Academic journal article Journal of the International Academy for Case Studies

Tahitian Black Pearls: A Family Business Strategy case.(Instructor's Note)

Academic journal article Journal of the International Academy for Case Studies

Tahitian Black Pearls: A Family Business Strategy case.(Instructor's Note)

Article excerpt


The primary subject matter of this case concerns the decision of a small, Pacific Island entrepreneur on how to enter the black pearl market. The issues examined are largely strategic and include Porter's five forces model, value chain analysis, distribution channels, and SWOT analysis. Secondary issues include analysis of the cultural and regulatory environment in which business operates. The case is appropriate for levels three and four. It is designed to be taught in either 1 class hour or 1.5 class hours. Student preparation should take between 2 and 3 hours


Imagine yourself on a beautiful, isolated atoll in French Polynesia. The crystal blue water laps at your toes while you drink milk fresh from the coconut. Children laugh with joy as they play in the warm, tropical waters. Sound nice? Now, imagine that you live on this small island, population 600 and need to make a living.

This case is set in the black pearl industry of French Polynesia. It presents the entrepreneurial choices made by a small pearl producer on the island of Takaroa. Here is the situation. Manea Tuahu has not produced a saleable crop of pearls for two years. Prior to that time, the Tuahu family had cultivated black pearls with revenues of roughly $200,000. Unfortunately, the division of the proceeds among the various family members had created hard feelings. This disruption of family harmony combined with a disease that entered the lagoon convinced Manea to stop pearl farming and tend to his small general store. Two years later, he is again considering pearl cultivation to enhance his $6,000 annual income.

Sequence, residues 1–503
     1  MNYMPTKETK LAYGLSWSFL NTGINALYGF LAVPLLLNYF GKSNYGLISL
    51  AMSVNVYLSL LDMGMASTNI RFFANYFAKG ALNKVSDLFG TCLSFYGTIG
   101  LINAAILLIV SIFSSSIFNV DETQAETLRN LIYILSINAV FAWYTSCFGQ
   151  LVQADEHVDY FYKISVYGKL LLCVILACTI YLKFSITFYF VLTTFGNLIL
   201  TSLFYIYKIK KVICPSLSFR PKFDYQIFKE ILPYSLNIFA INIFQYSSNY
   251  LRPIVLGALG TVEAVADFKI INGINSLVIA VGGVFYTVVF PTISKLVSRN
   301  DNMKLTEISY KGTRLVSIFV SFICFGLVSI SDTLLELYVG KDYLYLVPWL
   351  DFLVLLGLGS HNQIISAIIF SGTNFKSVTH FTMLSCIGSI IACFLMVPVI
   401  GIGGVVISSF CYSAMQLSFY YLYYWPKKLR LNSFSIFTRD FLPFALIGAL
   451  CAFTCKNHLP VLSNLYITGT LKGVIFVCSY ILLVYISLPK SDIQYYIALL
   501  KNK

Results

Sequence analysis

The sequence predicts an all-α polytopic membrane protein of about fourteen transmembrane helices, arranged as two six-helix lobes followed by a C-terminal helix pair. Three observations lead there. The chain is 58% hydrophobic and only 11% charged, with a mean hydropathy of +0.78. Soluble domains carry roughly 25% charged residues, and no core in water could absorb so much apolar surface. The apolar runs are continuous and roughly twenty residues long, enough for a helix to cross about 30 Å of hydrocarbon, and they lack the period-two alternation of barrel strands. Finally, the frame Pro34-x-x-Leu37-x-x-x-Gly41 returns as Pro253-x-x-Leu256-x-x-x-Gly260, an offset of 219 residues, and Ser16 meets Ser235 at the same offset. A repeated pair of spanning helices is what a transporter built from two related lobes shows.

As he considers changes in the industry and his own strengths and weaknesses in pearl farming, Manea faces a difficult decision. Should he start producing again? Should he shift to being an industry supplier? Should he use family labor or more skilled, hired labor? How will he sell his pearls in an increasingly competitive market? These and other questions cloud his mind as he goes fishing with his friend, Tehina.

Careful discussion of this case will provide students with insights into the analytical tools entrepreneurs use in their strategic decision making. If used in the winter, it will also make your students think about quitting school for adventure in warmer climes.


The Immediate Issue

Manea Tuahu must decide whether he will begin to produce black pearls in the family's traditional waters after a two year break.

Possible Student Assignments

1. What are the key issues Manea Tuahu faces? (lease lagoon, produce with a hired grafter or with Tiare, distribution channel, do nothing). What does a financial analysis of the case tell you about the alternatives available to Manea Tuahu?

Manea faces several key issues. The most obvious of these is whether he should begin to produce pearls again, lease his lagoon rights, or simply do nothing with regards to the black pearl industry. If the student indicates that Manea should again begin production, at least two follow-up issues come into play. These include the issue of whether to use Tiare as the grafter or to hire a professional and, which distribution channel will be most effective.

With regards to the first decision, the data indicate that Manea currently derives an income of approximately $3,000 per year from his store. This income is most likely supplemented by approximately $3,000 from family members living abroad based on average figures for the islands. This yields an overall income of roughly $6,000 per year. When combined with subsistence fishing and farming activities, and the support of the French government, Manea and his family will have no problem surviving and will have a great amount of free time to enjoy their island life.

Data for the leasing of the lagoon are not available in the case. There is some suggestion that the lagoon rights might be leased for somewhere around 5% of the value of the pearls produced. …

Search by... Author
Show... All Results Primary Sources Peer-reviewed


An unknown error has occurred. Please click the button below to reload the page. If the problem persists, please try again in a little while.